Microsoft introduced the Driver Store in Windows Vista. The Driver Store is a collection of trusted driver packages stored on your local drive. Each time you install a driver, the whole driver package gets copied to the Driver store. At this point, Windows verifies the driver’s integrity. This is done before the driver is installed and this “staging” process must complete successfully.
This sounds like a great idea, and it is, but there is a catch– once a driver is copied to the Driver Store, like a guest who has overstayed his welcome, it never leaves. This can lead to many gigabytes of outdated data hogging precious disk space. Enter DriverStore to the rescue…
DriverStore is a graphical user interface (GUI) that allows you to take control of the forever-expanding Driver Store.
Note: If you run DriverStore without Admin privileges, it will open in read-only mode, meaning you won’t be able to remove or otherwise manipulate these files. You can either check the box labeled Run As Admin if you’d like it to always run as Admin, or you can right-click the EXE file and choose to run it as an Admin that way.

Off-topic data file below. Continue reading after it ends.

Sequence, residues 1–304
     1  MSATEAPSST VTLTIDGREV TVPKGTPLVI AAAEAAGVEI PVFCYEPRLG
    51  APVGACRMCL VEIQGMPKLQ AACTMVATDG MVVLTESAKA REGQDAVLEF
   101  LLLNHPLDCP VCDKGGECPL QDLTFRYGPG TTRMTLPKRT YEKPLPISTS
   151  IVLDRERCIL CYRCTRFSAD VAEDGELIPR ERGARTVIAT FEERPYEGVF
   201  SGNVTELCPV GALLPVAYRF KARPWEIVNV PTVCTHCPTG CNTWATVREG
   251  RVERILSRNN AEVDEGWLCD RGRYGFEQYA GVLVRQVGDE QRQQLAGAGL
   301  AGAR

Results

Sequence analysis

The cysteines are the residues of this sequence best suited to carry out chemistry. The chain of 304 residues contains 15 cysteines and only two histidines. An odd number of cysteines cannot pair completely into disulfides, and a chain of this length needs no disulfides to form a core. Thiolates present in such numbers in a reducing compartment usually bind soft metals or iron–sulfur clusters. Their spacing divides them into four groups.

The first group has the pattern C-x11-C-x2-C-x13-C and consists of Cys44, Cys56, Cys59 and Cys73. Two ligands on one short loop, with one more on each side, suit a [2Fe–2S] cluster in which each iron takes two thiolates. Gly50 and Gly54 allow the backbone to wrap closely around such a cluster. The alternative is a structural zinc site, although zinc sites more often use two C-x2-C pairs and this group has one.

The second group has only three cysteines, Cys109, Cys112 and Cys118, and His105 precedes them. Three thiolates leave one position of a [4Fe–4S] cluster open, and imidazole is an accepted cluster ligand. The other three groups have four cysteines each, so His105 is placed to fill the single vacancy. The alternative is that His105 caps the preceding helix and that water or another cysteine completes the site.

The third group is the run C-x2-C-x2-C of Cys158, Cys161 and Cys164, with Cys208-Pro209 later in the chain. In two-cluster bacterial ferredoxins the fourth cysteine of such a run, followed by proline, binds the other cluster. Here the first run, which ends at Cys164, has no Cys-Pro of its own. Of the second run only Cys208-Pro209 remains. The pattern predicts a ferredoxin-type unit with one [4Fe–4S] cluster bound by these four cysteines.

Warning: It should come as no surprise that messing around in the Driver Store can have dire consequences if you delete the wrong driver (like one that is currently being used). For this reason I strongly recommend creating a System Restore point before proceeding.
- It’s free and portable, meaning you don’t have to install it. Download it, unZIP it, and run it
- You can sort the list by clicking on the various column headers
- You can add/delete drivers from within this utility
- By clicking the Select Old Drivers button, DriverStore will check the appropriate boxes in the list
- DriverStore won’t delete drivers that are currently in use unless you check the box labeled Force Deletion (use caution)
I tried to delete this package, and even though it is dated, DriverStore said it may still be in use. At 17KB I figured it wasn’t worth the risk.
How To Get DriverStore
You can get DriverStore at the GitHub site. It is archived in a ZIP file. Download it, unZIP it, and run it. Virus-Total declares this file to be virus-free.
DriverStore is a useful addition to any Techie Toolbox and offers yet one more way for users to tame the ever-maddening Windows operating system.
Update: Well, it was bound to happen sooner or later. It turns out that I wrote an earlier article about DriverStore in March of this year. It was a Windows 10 Quick Tips post. Sorry for the duplication of effort, not only for you, but for me as well… 🤢 I really must learn to check *before* pounding the keyboard.